Get ready for the E-X-T-E-N-D-E-D version re-cap of AIGA Minnesota’s Design Camp 2011!
Most of us live in a word of traffic jams, deadlines, undue stress, and hours upon hours of staring at a glowing screen. We keep many hours at work and we work them hard. We compartmentalize our life and leave the smallest containers for leisure, free thinking and enjoying other people’s company. We book our friends and families into our calendars, like a stadium reserves sports games or concerts. We don’t wait for life to happen, we orchestrate it.
The more I think about it, something tells me that, perchance, this isn’t quite how the universe wanted us to spend our limited time on this amazing planet. Generally speaking, it takes a major life event for us to slow down, smell the pine trees, and feel grateful for our lives. We might experience an accident that leaves us immobile. Or we lose a loved one. Or we simply escape to the woods, to nature, to connect to something deeper, which reminds us to slow down. To pause and reflect. And then, like perfectly engineered gears, we revert back—back to traffic jams, deadlines, stress, and work.
In my post-camp bliss, I’m reflecting on my notes and memories from the keynote speakers and the activities of a most glorious of weekends. My thoughts center on two themes: time and choices. How we spend time and what we get out of it.
Jamie Koval of VSA Partners shared this quote from his childhood days at camp: “Take what you want, but eat what you take.” Direct link to the dinner table? Yes. But it also totally applies to how we choose to spend our time. Do you want to gorge and binge on work or do you enjoy it in bite size amounts? Life isn’t about efficiency and working all the time. Work is necessary to live in modern society, but we should remember to do it in moderation, balancing it with the other aspects of our life. This will allow us to experience all the parts, like in a chef-crafted meal: smell, temperature, visual, texture, taste, aftertaste. Sometimes I barely have time to enjoy the euphoria of having finished a project before I’ve already started thinking about what’s next.
Jamie said, “Whatever projects we get, we make them great.”
Jan Wilker takes the time to experiment with his designs, even using the liquify tool in photoshop! It may not be profitable to spend so much time “playing,” but if life isn’t a little about playing, what’s there to live for? He describes this playful way of working as “enjoyable but inefficient.”
Michael Osborne of Mod SF provided a good reminder to choose to spend our time and resources doing something worthwhile. In addition to running his own design firm, Michael owns a letterpress studio and runs a 501c3 non-profit design studio providing design services to other non-profits. Check out Joey’s Corner here.
Peter Buchanan-Smith lives in Manhattan but is alive in the wilderness. He turned in his 9–5 design job for an entrepreneurial opportunity he’s passionate about—Best Made Co. Best Made is known for axes. If you’d like to know more about how Best Made Co came to be, read my blog post on Peter’s presentation at the 2009 Insights Lecture Series. Peter’s words have encouraged me to meditate on finding out what makes me tick in the same way Best Made Co does for him. He also inspired me to set a goal and make a plan. See, Peter adds one new product to his website each and every week. If we wait to do something, we miss out. So set a goal and start right away.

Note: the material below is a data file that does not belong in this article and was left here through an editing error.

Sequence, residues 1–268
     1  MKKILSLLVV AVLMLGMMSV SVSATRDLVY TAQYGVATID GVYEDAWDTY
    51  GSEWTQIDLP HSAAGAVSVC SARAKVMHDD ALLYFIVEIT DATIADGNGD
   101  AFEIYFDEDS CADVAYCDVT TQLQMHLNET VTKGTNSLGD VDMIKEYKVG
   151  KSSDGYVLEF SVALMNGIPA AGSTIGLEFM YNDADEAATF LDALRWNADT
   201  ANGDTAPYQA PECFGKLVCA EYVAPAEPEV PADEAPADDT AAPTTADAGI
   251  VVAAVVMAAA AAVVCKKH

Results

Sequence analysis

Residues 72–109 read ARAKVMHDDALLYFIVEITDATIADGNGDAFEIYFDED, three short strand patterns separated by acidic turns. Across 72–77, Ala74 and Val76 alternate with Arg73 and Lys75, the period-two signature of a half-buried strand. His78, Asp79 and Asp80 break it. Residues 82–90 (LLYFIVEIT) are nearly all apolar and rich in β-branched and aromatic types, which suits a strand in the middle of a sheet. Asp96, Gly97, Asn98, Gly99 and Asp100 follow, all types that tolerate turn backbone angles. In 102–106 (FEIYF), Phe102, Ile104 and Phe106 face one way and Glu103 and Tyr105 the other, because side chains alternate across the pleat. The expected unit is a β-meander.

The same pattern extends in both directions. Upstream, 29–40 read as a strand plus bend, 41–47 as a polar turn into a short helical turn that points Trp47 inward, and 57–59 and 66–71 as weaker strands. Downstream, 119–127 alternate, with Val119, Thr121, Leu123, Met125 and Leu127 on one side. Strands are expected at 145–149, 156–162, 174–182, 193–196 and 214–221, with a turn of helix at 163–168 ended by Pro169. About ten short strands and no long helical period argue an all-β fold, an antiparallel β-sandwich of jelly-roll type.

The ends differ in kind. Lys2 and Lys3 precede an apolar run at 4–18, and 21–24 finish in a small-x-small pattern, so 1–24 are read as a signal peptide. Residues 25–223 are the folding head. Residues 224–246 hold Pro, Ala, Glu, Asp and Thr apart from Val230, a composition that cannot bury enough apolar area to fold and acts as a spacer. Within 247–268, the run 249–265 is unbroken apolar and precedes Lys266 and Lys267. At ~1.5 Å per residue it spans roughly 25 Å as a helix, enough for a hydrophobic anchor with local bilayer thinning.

Jolby is design studio collaboration between Josh Kenyon and Colby Nichols. They reminded me why the people in our lives are important. Even though we arrive and leave earth naked and by ourselves, the journey on earth is all about companionship. Collaboration is important and two heads are always better than one. As I “ooo-ed and ahhh-ed” over the fun, fresh visuals they shared, some of their illustrations reminded me of my husband’s style of drawing. I felt the urge to come together with my husband (that’s what she said!) and collaborate. I want to collaborate on an art project, one that is not photography related.
Shel Perkins taught me many legal lessons and reminded me to always have solid footing before leaping into the unknown. Solid footing and excellent use of contracts will allow you to live freer, free from the fear of scary legal problems. Shel’s book Talent is Not Enough: Business Secrets for Designers is super great. I’ve already polished off two chapters! Buy it on Amazon or Barnes & Noble.
Time to slow down for just a minute and appreciate a well crafted object. We already learned this from Peter’s axes, but the craft of letterpress teaches the same lesson. Who doesn’t love running their fingers across the depression in a thick paper stock formed by the kiss of a letterpress plate? I’d like to send a shout out to Studio on Fire for printing the design camp materials and also to Spark Letterpress for teaching the letterpress workshop.
If you read the abridged version of my Design Camp 2011 re-cap, you learned that the board did indeed call a 3 am (unofficial) board meeting. The AIGA board is filled with talented, interesting and extremely fun people. I’m so glad for all the conversations: some centered on design, others were just crazy and silly and some were really deep conversations about our lives. I feel a deep camaraderie among my teammates on the board and I look forward to serving another year with this wonderful crew.
It was, indeed, another great Design Camp. While sitting in stopped traffic on they way to camp, I cursed the time it took to travel to the woods. But the woods provide an amazing backdrop for taking time away from design work to reflect on design thinking.